A study of options to reduce congestion and increase mobility throughout the Route 8 and Waterbury Branch Rail Line corridors
About the Study
The Route 8 & Waterbury Branch Line Corridor/Alternative Modes Study is assessing the needs and opportunities for improving service on the Waterbury Branch Line and the feasibility of alternatives to single occupancy vehicles. A draft of the final report is available to read, and a hybrid public information session was held on Dec. 15. These alternative modes include commuter rail, express bus and Bus Rapid Transit (BRT), walking and biking. The project is being led by AECOM Technical Services, Inc. The study team has completed an overview of existing travel conditions within the corridor, an assessment of transit-oriented development opportunities within rail station areas, and the feasibility of instituting BRT service. A website has been set up to provide project details. Click here to access the Alt Modes Study website.
Transit Rider Input
In support of the study goals and objectives, the NVCOG conducted an on-board count and survey of passengers riding the Waterbury branch line trains. All inbound and outbound trains were counted and surveyed over a three-day period. The goals of the survey were to gain insight into the key concerns passengers have with quality and frequency of service.
Take a look at what the riders had to say about train service in the Naugatuck Valley: WBL Passenger Count Summary.
An important task of the study was determining the feasibility of Transit-Oriented Developments (TOD) in the vicinity of the Waterbury rail line stations. A TOD integrates land use, transportation, and the environment and results in new housing, jobs, and more sustainable and walkable communities. They are characterized by compact, mixed-use land uses that provide a wide range of housing styles and commercial space choices. To guide the assessment, the study team conducted a series of workshops in each community along the rail line and developed a Visual Preference Survey that allowed residents to describe how they would like to see their downtowns in the future. From these preference surveys, model TOD blocks were created. To read more about possible TOD scenarios in the Naugatuck Valley: TOD Scenario Report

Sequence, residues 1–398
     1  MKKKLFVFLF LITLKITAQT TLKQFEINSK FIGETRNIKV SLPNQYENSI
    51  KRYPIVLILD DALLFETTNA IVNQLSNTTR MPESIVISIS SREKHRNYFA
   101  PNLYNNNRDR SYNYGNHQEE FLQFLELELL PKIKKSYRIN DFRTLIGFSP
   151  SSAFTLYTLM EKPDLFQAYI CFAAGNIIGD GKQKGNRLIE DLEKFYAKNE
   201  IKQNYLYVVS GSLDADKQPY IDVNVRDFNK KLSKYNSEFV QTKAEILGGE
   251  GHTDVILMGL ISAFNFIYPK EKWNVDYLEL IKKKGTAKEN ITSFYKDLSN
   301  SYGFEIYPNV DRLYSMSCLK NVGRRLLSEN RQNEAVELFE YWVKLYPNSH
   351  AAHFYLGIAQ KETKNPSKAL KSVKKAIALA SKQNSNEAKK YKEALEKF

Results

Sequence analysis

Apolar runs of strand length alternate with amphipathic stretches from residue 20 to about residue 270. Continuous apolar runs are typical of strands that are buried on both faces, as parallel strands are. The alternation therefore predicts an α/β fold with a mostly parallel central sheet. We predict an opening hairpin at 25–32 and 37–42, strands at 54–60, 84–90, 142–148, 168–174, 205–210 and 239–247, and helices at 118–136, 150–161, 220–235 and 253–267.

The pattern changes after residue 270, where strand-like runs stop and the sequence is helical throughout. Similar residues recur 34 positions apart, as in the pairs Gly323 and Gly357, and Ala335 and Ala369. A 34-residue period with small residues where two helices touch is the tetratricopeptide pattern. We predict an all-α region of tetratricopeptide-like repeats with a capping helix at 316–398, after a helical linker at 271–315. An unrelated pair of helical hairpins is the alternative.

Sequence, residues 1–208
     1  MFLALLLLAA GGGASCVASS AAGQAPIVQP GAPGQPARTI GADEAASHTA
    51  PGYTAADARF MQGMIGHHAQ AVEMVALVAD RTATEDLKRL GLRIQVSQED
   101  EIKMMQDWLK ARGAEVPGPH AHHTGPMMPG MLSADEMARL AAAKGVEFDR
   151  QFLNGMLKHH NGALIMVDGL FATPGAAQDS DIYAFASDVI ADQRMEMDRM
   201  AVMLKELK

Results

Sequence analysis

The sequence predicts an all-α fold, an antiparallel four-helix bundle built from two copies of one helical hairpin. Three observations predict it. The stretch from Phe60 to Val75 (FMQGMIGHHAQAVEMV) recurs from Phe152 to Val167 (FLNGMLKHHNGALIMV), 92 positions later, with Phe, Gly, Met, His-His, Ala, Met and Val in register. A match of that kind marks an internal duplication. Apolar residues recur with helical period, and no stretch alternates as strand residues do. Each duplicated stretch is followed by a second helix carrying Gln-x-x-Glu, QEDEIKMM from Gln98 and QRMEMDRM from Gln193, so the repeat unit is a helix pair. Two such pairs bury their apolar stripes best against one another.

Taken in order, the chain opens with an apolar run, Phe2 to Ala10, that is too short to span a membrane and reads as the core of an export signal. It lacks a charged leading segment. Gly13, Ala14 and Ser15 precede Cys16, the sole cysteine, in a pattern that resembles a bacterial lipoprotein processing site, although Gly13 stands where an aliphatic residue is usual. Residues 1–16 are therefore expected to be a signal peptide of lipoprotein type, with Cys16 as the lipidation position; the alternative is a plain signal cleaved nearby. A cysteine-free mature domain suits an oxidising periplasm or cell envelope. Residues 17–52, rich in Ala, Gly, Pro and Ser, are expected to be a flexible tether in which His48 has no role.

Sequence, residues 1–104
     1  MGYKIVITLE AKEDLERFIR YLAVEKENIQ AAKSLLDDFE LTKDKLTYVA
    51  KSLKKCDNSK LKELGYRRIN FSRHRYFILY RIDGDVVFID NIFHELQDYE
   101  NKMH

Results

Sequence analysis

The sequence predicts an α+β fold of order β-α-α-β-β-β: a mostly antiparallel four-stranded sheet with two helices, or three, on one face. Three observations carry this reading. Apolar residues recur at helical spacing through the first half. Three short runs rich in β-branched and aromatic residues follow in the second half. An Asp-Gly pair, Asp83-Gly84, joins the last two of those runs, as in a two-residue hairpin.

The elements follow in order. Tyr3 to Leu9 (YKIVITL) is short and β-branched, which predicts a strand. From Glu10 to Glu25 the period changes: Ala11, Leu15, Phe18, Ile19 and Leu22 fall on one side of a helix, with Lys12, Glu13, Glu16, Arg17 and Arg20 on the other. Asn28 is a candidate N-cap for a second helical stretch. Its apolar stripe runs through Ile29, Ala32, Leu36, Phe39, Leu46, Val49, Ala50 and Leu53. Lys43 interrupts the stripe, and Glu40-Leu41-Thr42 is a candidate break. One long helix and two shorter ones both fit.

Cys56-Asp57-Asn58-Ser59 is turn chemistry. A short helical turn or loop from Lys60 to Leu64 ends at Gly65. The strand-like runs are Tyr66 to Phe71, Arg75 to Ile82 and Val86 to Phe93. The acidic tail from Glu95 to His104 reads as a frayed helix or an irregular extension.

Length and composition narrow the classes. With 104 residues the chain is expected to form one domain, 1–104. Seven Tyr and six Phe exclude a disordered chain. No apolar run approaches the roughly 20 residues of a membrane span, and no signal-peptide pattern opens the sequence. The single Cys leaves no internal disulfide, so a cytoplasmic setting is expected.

Bus Rapid Transit (BRT)
While the primary objective of the study is to improve and enhance service on the Waterbury line, other transit actions were also explored. Regular fixed-route bus services operate in the corridor, but they do not provide travel time efficiencies that commuters find attractive. A BRT operation blends the positive features of rail with the flexibility of bus transit, to make riding the bus a higher-end service alternative. The study team explored the merits of enhancing bus service between Derby and Bridgeport, identifying five possible alternatives. The preferred option included the construction of a dedicated busway within the median of Route 8 with limited stops at newly created transit hubs. Feeder bus services would be implemented to move travelers from the transit hubs to their final destinations. This action is considered a long-term vision for the corridor. To learn more about BRT in Naugatuck Valley: BRT Scenario Report
The study is advancing to the final recommendations with a focus on a capital and operations improvement plan for the Waterbury Rail Line and a long-term vision of developing a Bus Rapid Transit system along Route 8 between Derby and Bridgeport. A visualization of recommended services is being developed and the study team will be meeting with municipal representatives to promote TOD land uses.
In the meantime, the NVCOG is working with its mayors, first selectmen, and its state legislative delegation to support funding for needed short-term Waterbury rail line improvements. In January 2020, NVCOG held the Naugatuck Valley Rail Conference to engage stakeholders in a dialog about the region’s rail needs.
Watch statewide news coverage of the event here.